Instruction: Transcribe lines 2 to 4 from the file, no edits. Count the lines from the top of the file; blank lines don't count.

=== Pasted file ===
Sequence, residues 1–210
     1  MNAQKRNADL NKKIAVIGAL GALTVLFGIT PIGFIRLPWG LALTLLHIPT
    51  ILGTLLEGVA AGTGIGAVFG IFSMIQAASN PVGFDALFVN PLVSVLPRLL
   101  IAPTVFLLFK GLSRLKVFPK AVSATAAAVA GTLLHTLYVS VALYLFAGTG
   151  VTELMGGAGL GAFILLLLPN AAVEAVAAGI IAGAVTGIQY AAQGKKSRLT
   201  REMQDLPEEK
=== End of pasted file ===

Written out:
     1  MNAQKRNADL NKKIAVIGAL GALTVLFGIT PIGFIRLPWG LALTLLHIPT
    51  ILGTLLEGVA AGTGIGAVFG IFSMIQAASN PVGFDALFVN PLVSVLPRLL
   101  IAPTVFLLFK GLSRLKVFPK AVSATAAAVA GTLLHTLYVS VALYLFAGTG